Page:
The current New York State minimum wage is $8.75/hour. Imagine trying to live on that. It comes out to about $1,400 a month, before any payroll taxes or deductions. Rent in a poor neighborhood in the Bronx is about $1,000/month. A Metrocard costs $116.50. That doesn't leave a whole lot left over for anything else—say food, or clothes for your kids.

That's assuming you even get 40 hours a week of work: a lot of minimum wage employers, which are concentrated in the retail, fast food, and health care industries, won't give you more than 30. You can obviously forget about health insurance, or paid time off beyond the miserly five days a year recently passed by the City Council.

The low wage and paltry hours means that most minimum wage workers end up on various forms of welfare: Medicaid, food stamps, housing vouchers, etc. These benefits are paid by the rest of us, in the form of higher taxes. This is corporate welfare, and all New Yorkers are paying it out right now to the shareholders and executives of McDonald's, Burger King, Target, Rite Aid, Citibank—just about every big company with a storefront presence in New York City.

This morning I went to a press conference held by Comptroller Scott Stringer, on the economic effects of a hypothetical $15 minimum wage (phased in at $12.75 in 2017, $13.75 in 2018, and $15 in 2019), which was being discussed in Albany before getting shot down by the Republicans during budget negotiations.

Stringer called the minimum wage hike "an economic imperative for our city" and said that his office found that it would put "$10 billion into the pockets of nearly 1.5 million workers," and would "boost consumer spending, lessen the burden on social assistance programs, and benefit students."

The main bullet points from his report:

1) "New York City has the nation's highest cost of living, and when adjusted for the cost-of-living, the City's minimum wage is the lowest of any major U.S. city."

2) Queens would see the biggest benefit of a $15/hour hike, with 456,000 workers seeing $3.2 billion in additional income. Brooklyn is close behind with 453,000 workers and $3.1BB in income.

3) "Workers in food services, retail trade, and home health care... would see average weekly wage increases ranging from $113 to $149 by 2019."

4) The increase in wage would "decrease the amount spent... for Food Stamps and Medicaid by $200 to $500 million annually" and households receiving the minimum wage increase would be expected "to pay approximately $250 million in additional New York City income taxes."

5) Annually, these households would be expected to spend $1100 to $1800 more on housing, $300 to $600 on groceries, $200 to $400 on entertainment, $200 to $300 more on healthcare, and $200 to $300 more on dining out.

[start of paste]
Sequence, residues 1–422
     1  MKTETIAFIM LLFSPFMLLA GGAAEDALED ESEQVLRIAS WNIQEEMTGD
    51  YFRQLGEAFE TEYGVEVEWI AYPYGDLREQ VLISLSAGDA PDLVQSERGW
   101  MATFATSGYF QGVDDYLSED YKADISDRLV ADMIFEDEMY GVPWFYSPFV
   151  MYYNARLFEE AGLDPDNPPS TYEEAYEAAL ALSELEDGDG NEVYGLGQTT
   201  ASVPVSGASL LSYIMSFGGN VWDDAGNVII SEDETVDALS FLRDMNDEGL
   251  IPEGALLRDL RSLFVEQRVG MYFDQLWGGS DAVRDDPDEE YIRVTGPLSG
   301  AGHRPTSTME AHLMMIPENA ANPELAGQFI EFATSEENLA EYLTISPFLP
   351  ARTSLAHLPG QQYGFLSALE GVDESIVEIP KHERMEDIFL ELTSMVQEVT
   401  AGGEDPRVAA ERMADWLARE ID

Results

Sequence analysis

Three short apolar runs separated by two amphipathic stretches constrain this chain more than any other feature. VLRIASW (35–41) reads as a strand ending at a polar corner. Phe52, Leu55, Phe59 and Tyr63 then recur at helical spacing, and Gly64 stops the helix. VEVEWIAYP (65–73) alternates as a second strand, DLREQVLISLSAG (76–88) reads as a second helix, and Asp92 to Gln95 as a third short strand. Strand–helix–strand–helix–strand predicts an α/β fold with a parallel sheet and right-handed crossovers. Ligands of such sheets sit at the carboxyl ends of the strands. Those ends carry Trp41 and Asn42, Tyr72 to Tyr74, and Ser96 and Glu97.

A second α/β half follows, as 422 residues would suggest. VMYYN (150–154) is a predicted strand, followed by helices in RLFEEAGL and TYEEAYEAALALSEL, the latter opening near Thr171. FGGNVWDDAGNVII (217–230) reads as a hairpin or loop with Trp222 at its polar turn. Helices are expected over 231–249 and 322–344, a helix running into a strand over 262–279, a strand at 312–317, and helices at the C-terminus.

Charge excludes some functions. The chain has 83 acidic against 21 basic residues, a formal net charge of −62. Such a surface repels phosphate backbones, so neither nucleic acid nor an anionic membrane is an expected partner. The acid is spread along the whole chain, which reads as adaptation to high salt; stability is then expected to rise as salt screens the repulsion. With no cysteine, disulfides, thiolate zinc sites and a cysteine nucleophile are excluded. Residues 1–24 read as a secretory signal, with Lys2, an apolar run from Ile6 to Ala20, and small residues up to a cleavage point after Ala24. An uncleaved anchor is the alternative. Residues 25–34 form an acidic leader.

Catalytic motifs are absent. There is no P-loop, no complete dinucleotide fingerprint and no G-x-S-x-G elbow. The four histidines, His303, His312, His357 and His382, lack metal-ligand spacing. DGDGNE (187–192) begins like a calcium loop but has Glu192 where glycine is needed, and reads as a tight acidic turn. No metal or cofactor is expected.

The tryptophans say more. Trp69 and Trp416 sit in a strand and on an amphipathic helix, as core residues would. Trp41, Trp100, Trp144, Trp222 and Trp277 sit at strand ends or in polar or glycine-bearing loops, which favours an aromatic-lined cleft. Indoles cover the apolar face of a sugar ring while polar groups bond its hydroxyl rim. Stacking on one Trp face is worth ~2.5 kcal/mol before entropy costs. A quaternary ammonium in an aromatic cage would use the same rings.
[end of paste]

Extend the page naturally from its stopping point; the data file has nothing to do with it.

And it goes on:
6) "The wage would reduce the number of households earning less than $30,000 by 169,000... and the number of households earning $10,000 to $30,000 would go down by 44%."

7) "The $15 minimum wage would reduce the number of New Yorkers who spend more than half of their income on rent by over 90,000."

The main objections to increasing the minimum wage are that it reduces total employment, because employers simply switch to using more technology instead of human employees, and that it hurts small businesses. Neither of these objections are true. The majority of economists have concluded the unemployment effects are negligible, because the increased consumer spending creates more jobs, and a number of cities, including Seattle, have increased the minimum wage and still seen strong small business growth.

(During the Q&A, Stringer also suggested that raising the minimum wage would allow small businesses to attract better workers and retain them longer, and that the city should help out small businesses by reducing the fines and fees they are subject to. He said: "we can't afford to pit small businesses and families against each other.")

Unless you are a large McDonald's shareholder, there is literally no reason to dislike or fear a higher minimum wage. It benefits the poor, it benefits the economy, it benefits taxpayers. Who would oppose something like that?

Only Republicans in Albany, obviously, and the corporate donors who support them. Also Andrew Cuomo, who, for a Democratic governor in the most liberal state in America, has been surprisingly unsupportive of an increase to $15.

Momentum does seem to be shifting to the side of the raise-the-wage organizers, though- even Walmart has slightly capitulated. Tomorrow the main labor organizers are having a big rally at Columbus Circle at 5 p.m.—it's part of a nationwide series of events in 200 cities. Consider joining them if you want a less unequal society!

N.B.: NYC is actually behind the curve here: besides Seattle, San Francisco has also adopted a $15/minimum wage (after phase-in), and at least seven states currently have higher minimum wages in place than we do.